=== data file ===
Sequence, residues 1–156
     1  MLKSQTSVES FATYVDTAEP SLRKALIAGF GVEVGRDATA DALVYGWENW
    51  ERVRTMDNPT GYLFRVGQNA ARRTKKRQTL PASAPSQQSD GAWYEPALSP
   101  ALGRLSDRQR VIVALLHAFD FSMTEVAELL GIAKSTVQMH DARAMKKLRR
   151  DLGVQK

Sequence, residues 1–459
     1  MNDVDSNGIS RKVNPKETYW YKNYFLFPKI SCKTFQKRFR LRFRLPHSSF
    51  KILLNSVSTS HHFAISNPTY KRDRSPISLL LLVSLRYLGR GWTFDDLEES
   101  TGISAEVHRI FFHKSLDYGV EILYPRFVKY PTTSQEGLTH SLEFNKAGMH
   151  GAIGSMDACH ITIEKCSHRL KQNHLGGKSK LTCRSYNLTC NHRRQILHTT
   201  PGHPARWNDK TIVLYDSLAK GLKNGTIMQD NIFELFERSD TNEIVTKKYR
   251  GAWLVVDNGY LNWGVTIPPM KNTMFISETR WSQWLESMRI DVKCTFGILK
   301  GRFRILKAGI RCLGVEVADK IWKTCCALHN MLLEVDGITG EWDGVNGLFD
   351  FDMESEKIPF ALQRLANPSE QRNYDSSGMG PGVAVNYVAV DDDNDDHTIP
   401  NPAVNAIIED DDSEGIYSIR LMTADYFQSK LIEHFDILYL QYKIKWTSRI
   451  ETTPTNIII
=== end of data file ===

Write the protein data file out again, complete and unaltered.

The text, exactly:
Sequence, residues 1–156
     1  MLKSQTSVES FATYVDTAEP SLRKALIAGF GVEVGRDATA DALVYGWENW
    51  ERVRTMDNPT GYLFRVGQNA ARRTKKRQTL PASAPSQQSD GAWYEPALSP
   101  ALGRLSDRQR VIVALLHAFD FSMTEVAELL GIAKSTVQMH DARAMKKLRR
   151  DLGVQK

Sequence, residues 1–459
     1  MNDVDSNGIS RKVNPKETYW YKNYFLFPKI SCKTFQKRFR LRFRLPHSSF
    51  KILLNSVSTS HHFAISNPTY KRDRSPISLL LLVSLRYLGR GWTFDDLEES
   101  TGISAEVHRI FFHKSLDYGV EILYPRFVKY PTTSQEGLTH SLEFNKAGMH
   151  GAIGSMDACH ITIEKCSHRL KQNHLGGKSK LTCRSYNLTC NHRRQILHTT
   201  PGHPARWNDK TIVLYDSLAK GLKNGTIMQD NIFELFERSD TNEIVTKKYR
   251  GAWLVVDNGY LNWGVTIPPM KNTMFISETR WSQWLESMRI DVKCTFGILK
   301  GRFRILKAGI RCLGVEVADK IWKTCCALHN MLLEVDGITG EWDGVNGLFD
   351  FDMESEKIPF ALQRLANPSE QRNYDSSGMG PGVAVNYVAV DDDNDDHTIP
   401  NPAVNAIIED DDSEGIYSIR LMTADYFQSK LIEHFDILYL QYKIKWTSRI
   451  ETTPTNIII